Buying a new car is a very important decision. You’ll have this car for years to come, and a car says a lot about who you are as a person. Does comfort matter to you? Speed? The latest bells and whistles? Energy efficiency? A combination of all of these? Make sure you know what you want before you buy. Here are some tips that will help you do just that and will make the car buying experience stress-free.
Do Your Homework First
Sure you have an idea of what model you want, but you might not be able to get absolutelyeverything on your checklist, as much as salesmen and dealerships are willing to accommodate you. So do this at home: figure out what special features you must have in your car, and ones you’d like, but would be okay with not having. That way you can zero in on the car that is ideal for you. After that, give dealerships a call. Find out if your model is available for purchase and request the most knowledgeable salesman. Make an appointment and come on in.
Trust Your Salesman
I talked to various car salesmen for this issue and they all agreed that it is important to trust the person you’re doing business with. They are here to serve you, so if you find that upon going out on the car lot, your salesman isn’t 100% focused on you and your purchase, it’s very easy to thank him or her for their time and find a new one. This is a large transaction not just for you, but for the business; let them know that they have to earn your trust and that you need proper time and consideration to pick a car. As I said, it’s going to be with you for a while, why jump into a decision in a split second?
Before You Drive, Learn How The Car Works
All of the dealerships we talked to are very happy to allow prospective car buyers to take the wheels out for a test drive. But before you go, learn from the master and ask your car salesman to demonstrate all of the bells and whistles (or as one salesman called them, “creature features”) before you get behind the wheel, even if it is just for a test run. Many of the newer models boast voice recognition and the latest in navigation technology. Have him test all of these things out, in addition to things you’ll use all the time such as the air conditioning and the radio. You might find that there were more “creature features” in the car you had your eye on than you thought!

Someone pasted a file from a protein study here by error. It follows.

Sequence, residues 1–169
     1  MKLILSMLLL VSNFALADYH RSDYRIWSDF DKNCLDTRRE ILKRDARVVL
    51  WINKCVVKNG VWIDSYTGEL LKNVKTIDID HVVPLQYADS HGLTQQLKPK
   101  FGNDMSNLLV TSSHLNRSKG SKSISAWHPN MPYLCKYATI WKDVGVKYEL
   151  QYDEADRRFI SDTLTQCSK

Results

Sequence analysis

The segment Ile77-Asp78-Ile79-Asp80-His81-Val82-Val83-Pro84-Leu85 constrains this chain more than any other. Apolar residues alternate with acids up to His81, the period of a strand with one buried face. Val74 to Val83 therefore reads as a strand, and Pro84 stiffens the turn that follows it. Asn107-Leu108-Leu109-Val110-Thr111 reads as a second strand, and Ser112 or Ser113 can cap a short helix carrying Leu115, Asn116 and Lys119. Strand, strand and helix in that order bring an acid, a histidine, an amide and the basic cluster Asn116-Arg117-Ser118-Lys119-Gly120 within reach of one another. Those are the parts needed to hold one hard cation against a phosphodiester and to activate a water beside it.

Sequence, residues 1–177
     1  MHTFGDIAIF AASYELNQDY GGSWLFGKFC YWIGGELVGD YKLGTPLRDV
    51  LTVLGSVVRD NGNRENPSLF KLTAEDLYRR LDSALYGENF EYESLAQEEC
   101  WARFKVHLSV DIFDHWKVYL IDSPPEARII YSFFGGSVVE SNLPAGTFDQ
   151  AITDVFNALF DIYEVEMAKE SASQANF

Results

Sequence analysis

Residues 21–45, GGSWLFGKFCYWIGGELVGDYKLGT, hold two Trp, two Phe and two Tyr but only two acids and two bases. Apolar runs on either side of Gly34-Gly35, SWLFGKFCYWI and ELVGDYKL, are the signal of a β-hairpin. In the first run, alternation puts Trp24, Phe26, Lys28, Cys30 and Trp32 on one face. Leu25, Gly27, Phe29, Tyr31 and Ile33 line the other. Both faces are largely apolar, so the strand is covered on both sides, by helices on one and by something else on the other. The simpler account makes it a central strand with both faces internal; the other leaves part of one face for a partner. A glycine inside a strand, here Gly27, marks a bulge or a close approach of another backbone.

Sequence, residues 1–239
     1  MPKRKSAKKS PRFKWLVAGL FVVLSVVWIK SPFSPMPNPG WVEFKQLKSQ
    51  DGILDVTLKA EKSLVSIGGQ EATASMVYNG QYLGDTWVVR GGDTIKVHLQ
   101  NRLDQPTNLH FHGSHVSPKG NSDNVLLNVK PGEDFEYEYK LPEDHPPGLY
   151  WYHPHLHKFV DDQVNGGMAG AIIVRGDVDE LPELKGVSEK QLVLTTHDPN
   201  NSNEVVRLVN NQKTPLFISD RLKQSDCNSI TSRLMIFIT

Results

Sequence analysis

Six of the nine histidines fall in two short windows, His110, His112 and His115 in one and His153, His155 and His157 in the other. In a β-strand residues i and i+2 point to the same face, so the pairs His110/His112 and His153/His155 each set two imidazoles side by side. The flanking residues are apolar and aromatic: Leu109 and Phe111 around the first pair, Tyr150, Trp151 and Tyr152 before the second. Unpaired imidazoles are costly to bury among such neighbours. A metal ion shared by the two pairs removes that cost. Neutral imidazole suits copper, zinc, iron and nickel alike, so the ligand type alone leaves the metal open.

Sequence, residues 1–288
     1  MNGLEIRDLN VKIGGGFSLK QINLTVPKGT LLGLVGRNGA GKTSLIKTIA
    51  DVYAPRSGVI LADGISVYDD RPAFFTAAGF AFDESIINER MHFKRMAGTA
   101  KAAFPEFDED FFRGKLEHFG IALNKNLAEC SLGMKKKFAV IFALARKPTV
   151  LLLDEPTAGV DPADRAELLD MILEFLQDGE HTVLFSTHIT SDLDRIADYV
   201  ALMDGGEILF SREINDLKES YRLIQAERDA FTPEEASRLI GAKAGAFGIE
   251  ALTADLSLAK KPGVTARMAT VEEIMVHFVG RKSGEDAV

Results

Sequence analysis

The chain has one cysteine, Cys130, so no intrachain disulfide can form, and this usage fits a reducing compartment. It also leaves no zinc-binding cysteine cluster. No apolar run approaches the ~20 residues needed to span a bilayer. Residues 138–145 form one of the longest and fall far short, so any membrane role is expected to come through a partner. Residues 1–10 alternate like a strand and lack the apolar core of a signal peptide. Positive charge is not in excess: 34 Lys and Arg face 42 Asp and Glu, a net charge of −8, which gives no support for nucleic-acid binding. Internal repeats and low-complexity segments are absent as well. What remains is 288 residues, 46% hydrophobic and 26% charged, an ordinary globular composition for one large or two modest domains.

Does This Car Fit Me?
I don’t mean in terms of you sitting behind the wheel. What I mean is, is this car large enough to play an active role in your daily life? If you are buying just for yourself and you don’t have many things to store in your car, then by all means, consider compact models. But if you know you’ll need room for your groceries, boxes and briefcases for your job, and even sports equipment for your weekend leisure, you need to keep this in mind and open your eyes to cars with more cargo room.
How Does The Car Feel?
So you’ve gotten to the point where you want to test drive a car. Make mental notes of how it feels while you’re driving it. Do the seats feel comfortable? You’ll be sitting in that seat for hours upon hours, so it does matter. Does the car accelerate well in traffic? Can you pass cars safely? Transmission is important too. In an automatic, shifting up and down should be smooth. As far manual models go, note the ease (or lack thereof) in shifting gears; in a new car this should be relatively easy to do. Make notes of the steering and the brakes and their response while in transit. Don’t settle for anything less than your comfort, because this also will ensure your safety.
Is It Fuel-Efficient?
Recently all automobile manufacturers have been adhering to new regulations which allow for greater fuel efficiency. Gone are the days of the oil crisis when people bought Japanese cars specifically for their great mileage to the gallon; now nearly every brand can say they have at least one car that averages over 25 miles per gallon on the highway. The federal government even has a list of the best and worst cars for fuel economy. Take a look at the website before making any decisions: fueleconomy.gov.
Return Later to Buy
Now that you have a good idea of which car you will purchase, get your salesman’s card and come back to the dealership on another day to start the transaction. Finish up whatever homework you have on the car and research answers to any more questions (of course, feel free to call the dealership and ask the salesmen your questions). Then, once you feel like you’ve made an informed decision, go get your new car! Happy driving!
Be sure to read our Small Business Spotlights and consider visiting some of our local dealerships when you’re ready to buy a new car.
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